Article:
Josiah Good

On this day, 25 July 1848, Josiah Good passed away in Sharpsburg, Maryland. He was my 5th great-grandfather.

Circa 1740, Josiah Good’s uncle, Joseph Chapline, was the first to settle in the area,. In 1763, at the end of the French and Indian War, Joseph Chapline laid out the first town in Washington County, naming it Sharps Burgh, in honor of his friend Horatio Sharpe, the proprietary governor of the Province of Maryland. The early residents of Sharps Burgh in the 1760s were primarily of English, German, or Swiss ethnicity. Many local farmers grew wheat.

Josiah Good was born in 1768 in Sharps Burgh, Frederick County (now Sharpsburg, Washington County), Maryland to parents William Good and Mary Chapline. Throughout his life, William Good built three houses in the Sharps Burg area. The first one he built was a stone house. This was the home in which Josiah Good was born.

In 1789, when Gen. George Washington became the first president of the United States, he initially considered the area between Sharpsburg, Maryland and Shepherdstown, Virginia (now West Virginia) as a possible site for the U.S. Capitol, spanning both sides of the Potomac River.

Although little is known about Josiah Good’s childhood, we do know that sometime before 1799 (probably circa 1788), Josiah Good married Mary Myers near Sharpsburg, Maryland. Their son, William Good (my 4th great-grandfather), was born on 20 February 1799, in Washington County, Maryland.

In 1800, the Josiah Good family, consisting of two males under the age of 10 years (one of whom was William), one male age 10-15, one male age 26-45 (Josiah), and one female age 16-25 (Mary), lived in Sharpsburg, Washington County, Maryland. (It is interesting to note that the homes on either side of the Good Family belonged the “Widow Hoffman” and the “Negro Kate”, as described by the 1810 U.S. Census enumerator.)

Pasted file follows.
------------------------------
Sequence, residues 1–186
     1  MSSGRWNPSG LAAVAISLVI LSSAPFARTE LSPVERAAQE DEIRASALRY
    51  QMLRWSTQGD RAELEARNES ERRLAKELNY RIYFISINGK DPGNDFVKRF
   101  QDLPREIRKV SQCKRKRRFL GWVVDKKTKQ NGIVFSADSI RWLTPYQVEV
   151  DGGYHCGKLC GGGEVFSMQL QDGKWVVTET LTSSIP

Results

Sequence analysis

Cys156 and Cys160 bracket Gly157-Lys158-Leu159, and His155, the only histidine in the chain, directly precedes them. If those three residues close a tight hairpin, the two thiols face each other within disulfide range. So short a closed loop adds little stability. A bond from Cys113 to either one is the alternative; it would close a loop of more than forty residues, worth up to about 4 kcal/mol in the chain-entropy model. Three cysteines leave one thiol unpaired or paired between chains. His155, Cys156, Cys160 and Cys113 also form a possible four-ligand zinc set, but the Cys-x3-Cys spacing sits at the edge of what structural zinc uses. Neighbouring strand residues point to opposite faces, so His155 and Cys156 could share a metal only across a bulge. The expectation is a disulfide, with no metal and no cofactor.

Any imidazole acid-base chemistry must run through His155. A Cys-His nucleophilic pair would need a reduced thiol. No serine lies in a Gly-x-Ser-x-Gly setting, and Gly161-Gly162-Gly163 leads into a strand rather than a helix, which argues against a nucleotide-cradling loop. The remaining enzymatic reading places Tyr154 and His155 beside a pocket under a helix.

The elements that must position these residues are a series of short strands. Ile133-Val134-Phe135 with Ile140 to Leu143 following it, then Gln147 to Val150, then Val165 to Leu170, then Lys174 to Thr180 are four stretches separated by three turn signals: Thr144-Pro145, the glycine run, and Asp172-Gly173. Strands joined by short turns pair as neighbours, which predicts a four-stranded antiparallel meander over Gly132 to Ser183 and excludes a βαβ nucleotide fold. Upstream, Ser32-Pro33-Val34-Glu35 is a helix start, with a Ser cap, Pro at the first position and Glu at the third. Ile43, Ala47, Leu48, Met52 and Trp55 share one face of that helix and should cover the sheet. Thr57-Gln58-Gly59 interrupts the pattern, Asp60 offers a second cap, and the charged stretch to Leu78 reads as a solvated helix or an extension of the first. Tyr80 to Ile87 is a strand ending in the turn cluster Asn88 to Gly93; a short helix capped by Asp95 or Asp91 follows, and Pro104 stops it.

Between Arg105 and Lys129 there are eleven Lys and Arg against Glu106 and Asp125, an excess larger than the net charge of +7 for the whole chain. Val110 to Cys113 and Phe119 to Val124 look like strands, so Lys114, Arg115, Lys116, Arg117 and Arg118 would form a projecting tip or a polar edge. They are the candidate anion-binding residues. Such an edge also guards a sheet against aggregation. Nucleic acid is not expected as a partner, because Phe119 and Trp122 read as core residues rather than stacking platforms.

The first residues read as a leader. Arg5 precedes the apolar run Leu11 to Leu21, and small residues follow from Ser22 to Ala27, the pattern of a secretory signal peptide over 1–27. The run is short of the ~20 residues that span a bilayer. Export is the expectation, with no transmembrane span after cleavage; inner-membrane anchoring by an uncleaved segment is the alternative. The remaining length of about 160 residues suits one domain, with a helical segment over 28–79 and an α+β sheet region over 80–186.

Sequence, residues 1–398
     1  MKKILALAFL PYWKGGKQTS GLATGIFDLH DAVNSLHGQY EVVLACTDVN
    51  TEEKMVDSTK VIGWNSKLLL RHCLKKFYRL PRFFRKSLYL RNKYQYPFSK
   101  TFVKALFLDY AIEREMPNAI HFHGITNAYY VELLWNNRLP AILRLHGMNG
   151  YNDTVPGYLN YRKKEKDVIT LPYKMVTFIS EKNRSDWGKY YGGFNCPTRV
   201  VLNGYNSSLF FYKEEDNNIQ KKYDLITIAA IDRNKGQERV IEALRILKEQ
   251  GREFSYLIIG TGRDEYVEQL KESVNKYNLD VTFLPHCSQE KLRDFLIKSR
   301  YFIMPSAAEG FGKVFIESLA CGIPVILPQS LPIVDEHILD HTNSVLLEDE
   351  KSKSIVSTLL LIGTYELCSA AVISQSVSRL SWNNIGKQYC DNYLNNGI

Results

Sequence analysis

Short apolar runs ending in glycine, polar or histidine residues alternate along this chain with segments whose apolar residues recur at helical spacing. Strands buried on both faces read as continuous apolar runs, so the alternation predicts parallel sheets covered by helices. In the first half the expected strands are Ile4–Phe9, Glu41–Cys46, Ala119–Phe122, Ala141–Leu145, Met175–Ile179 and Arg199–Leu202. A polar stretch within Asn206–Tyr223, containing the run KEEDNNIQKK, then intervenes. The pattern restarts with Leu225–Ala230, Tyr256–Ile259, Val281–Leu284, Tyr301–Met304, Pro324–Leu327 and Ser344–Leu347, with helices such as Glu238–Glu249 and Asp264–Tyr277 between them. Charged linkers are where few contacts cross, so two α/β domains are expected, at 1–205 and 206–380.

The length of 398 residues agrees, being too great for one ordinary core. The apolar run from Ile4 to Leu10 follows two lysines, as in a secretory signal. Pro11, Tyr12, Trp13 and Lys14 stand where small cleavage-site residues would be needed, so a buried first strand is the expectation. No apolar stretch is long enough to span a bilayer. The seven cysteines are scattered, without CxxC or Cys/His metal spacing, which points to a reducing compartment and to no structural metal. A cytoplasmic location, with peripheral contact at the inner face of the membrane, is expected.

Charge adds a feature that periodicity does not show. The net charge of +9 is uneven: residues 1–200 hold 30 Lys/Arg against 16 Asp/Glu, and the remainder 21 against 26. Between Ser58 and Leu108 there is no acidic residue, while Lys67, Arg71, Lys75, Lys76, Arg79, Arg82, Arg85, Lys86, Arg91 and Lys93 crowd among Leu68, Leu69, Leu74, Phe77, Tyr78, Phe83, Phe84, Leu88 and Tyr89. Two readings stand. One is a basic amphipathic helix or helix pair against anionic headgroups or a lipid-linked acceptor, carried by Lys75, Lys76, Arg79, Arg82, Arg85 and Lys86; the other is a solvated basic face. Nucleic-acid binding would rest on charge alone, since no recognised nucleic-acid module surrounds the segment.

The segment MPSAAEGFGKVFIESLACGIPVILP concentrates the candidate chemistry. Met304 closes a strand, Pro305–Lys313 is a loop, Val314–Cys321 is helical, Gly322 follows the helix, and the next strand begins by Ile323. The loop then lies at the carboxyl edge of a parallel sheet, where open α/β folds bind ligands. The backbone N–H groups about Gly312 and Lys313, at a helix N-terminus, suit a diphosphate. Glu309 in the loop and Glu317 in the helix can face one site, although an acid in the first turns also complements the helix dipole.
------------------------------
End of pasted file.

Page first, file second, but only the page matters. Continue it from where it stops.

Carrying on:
In 1810, the Josiah Good family, composed of three males under the age of 10 years, two males age 10-15 (one of whom was William), one male age 26-45, two males age 45 and over (one of whom was Josiah), and one female age 26-44 (Mary), still resided in Sharpsburg, Washington County, Maryland. Mary’s possible brother, John Myers Jr., and his family lived nearby.

In 1817, a daughter was born to Josiah and Mary Good. They named her Henrietta.

In 1820, the Josiah Good family, consisting of one free white male under 10 years old, one free white male between the ages of 10 and 16, one free white male age 16-26, one free white male age 45 and up (Josiah), two free white females under age 10, two free white females between the ages of 10 and 16, one free white female age 16-26, and one free white female age 26-45 (Mary) still lived in Sharpsburg, Washington County, Maryland. According to the census of that year, one person in the household engaged in commerce (probably Josiah). In addition, one male slave under the age of 14 and three male slaves between the ages of 14 and 26 also were in residence.

In 1825, another daughter, Elizabeth, was welcomed to the family.

In 1832, the town of Sharpsburg was incorporated.

Circa 1836,  the Chesapeake and Ohio Canal reached Sharpsburg, Maryland. The canal brought a much-needed financial boon to the community, providing many jobs and allowing for easier transport of goods.

In 1840, the Josiah Good family was still living in Sharpsburg, Washington County, Maryland. Residing in the household were two males between the ages of 20 and 30, two males between the ages of 30 and 40, one white male age 60-70 (Josiah, although he was really between the ages of 70 and 80), one white female age 15-20, two white females between the ages of 20 and 30, and one white female between the ages of 50 and 60 (Mary, although she was really between the ages of 60 and 70).